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We know that all things work for good for those who love God, who are called according to his purpose.
This simple line from Saint Paul summarizes the message of the Gospel he wants to preach about Jesus' victory over sin and death. All things work for good. Paul lived in a time when the popular vision was that the past was way better and things were constantly and inevitably in a state of decline. The Golden age was followed by the silver, the bronze, etc. We can't help but mess things up, so to speak, and (from a religious perspective) sin gets the final word and brings us down one bit at a time. Paul's response flows directly from his belief in the Lord Jesus' Resurrection, a belief that he knows through personal experience with the Lord, and has transformed his life and the lives of so many others he calls fellow Christians.
This phrase from Saint Paul's letter to the Romans runs right into the universal question that every human person has to deal with: why do bad things happen to good people? Now there is more than one way to answer this question: some people take Saint Paul's answer. Others go the opposite way and say, "because God doesn't care," or even doesn't exist. Some of us are somewhere in the middle: we see that there is "silver lining" in the midst of trials, sufferings, failures, perhaps even sins.
This fits right into the parable of the nets – which has a similar message to what we heard just a week ago from the weeds & the wheat: the good and the bad are often mixed together.
Sometimes, we can see clearly that in this life, good is mixed with bad. Honestly, we see this every day: good things are often not easy. They have sacrifices or shortcomings or it requires internal suffering for us to do them. In heaven, this will not be the case, but in our fallen world, it is the reality, and many times it is quite obvious to us.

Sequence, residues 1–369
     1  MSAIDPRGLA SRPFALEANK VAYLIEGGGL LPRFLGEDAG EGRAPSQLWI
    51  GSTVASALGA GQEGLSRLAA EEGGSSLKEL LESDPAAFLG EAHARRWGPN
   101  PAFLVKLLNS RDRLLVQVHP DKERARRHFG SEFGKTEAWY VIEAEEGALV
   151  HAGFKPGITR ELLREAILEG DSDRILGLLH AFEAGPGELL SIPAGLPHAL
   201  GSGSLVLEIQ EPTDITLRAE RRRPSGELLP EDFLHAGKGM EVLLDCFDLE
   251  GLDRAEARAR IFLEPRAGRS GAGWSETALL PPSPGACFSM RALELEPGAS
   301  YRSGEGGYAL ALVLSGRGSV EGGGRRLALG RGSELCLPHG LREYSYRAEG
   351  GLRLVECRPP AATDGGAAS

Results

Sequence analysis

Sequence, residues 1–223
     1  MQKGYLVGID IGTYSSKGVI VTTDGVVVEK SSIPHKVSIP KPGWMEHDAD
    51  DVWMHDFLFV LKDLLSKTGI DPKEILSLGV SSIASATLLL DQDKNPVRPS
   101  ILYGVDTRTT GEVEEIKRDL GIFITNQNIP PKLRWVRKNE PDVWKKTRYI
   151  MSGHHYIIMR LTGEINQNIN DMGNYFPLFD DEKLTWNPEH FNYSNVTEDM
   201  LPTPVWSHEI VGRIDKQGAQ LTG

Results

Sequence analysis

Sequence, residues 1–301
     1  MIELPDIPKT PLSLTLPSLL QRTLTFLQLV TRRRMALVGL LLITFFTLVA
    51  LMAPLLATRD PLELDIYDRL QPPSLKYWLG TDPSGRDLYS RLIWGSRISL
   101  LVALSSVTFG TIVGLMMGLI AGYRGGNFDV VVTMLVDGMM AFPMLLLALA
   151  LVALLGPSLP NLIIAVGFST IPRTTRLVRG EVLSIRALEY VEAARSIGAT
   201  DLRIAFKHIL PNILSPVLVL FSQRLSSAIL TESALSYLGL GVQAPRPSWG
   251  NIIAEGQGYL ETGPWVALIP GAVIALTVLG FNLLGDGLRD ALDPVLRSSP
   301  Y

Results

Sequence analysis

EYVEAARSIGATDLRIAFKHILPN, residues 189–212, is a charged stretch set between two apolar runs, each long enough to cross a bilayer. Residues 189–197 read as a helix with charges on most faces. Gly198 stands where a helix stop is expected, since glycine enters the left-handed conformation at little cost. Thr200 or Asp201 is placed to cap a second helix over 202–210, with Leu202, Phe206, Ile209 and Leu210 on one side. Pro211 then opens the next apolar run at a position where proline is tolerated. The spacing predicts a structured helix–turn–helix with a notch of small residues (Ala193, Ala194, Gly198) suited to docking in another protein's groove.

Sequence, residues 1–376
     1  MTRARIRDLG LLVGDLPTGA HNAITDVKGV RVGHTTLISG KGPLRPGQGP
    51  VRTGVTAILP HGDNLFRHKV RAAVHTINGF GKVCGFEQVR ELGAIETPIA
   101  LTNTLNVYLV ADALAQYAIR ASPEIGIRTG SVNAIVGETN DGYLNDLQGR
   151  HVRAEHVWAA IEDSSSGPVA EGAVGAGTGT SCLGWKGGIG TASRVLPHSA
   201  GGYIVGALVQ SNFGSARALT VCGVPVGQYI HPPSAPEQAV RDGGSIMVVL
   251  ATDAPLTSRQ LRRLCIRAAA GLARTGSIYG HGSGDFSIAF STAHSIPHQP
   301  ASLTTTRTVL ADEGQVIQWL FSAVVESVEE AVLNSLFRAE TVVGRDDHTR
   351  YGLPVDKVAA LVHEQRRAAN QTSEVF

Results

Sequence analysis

For example, every personality has strengths and weaknesses, and very often those traits do us good in certain circumstances, but do us harm in others. We can get a lot done, but we run over people. We are quick to connect with others, but we can't maintain deep relationships. We like to do our best and strive for perfection, but we grow bitter when others don't measure up. Although transformation in Christ Jesus will eventually overcome these correlations, it is true that good is very often mixed with bad in life.
Other times, it may not be so obvious, and this is where the doubts can really rise as we wonder: why do bad things happen to good people? Sometimes this is very prominent in our local news, as with this past week with Dr. Graham, and will probably even touch very close to home a few times in our lives. Truly, we may have to wait a long time in the darkness of faith before we see how we grew through the trials in our lives - and how God's plan ultimately worked for good. But sometimes it may not be until we get to heaven that it all makes sense.
Really Paul is talking to us about the HOPE that springs from our FAITH. The fact of our faith is that Jesus conquered, definitely, and that we are participants in that victory through our baptism. The hope that results from that is that we can live forever, and we will, if we keep up the work of love and of faith. Hope gets us there.
So how do we keep our hope strong in the midst of life's trials? PRAY. St. Padre Pio says it very simply: "Pray. Hope. and don't worry." So do that. Prayer is essential to our hope, for if our eyes are focused on ourselves, we will be sad, but if they are focused on God, we will find hope.
Secondly, we must remind ourselves of the ways we are already participating in God's blessings: essentially we need to focus on the good and not the bad. Every life has problems, but every life has blessings and benefits. We must keep our hearts dwelling on the good in our lives and praise God for it.
You might have heard this before, but it's very true: our understanding on earth is like looking at a tapestry from from the backside. All you see is a chaotic mess of strings of various colors all over the place making no sense. But God has been working from the other side all this time, and when we get to heaven, we will be able to see what He has been doing all this time. Then we can say with full knowledge what we say today with faith: all things work for good for those who love God, who are called according to his purpose. Amen.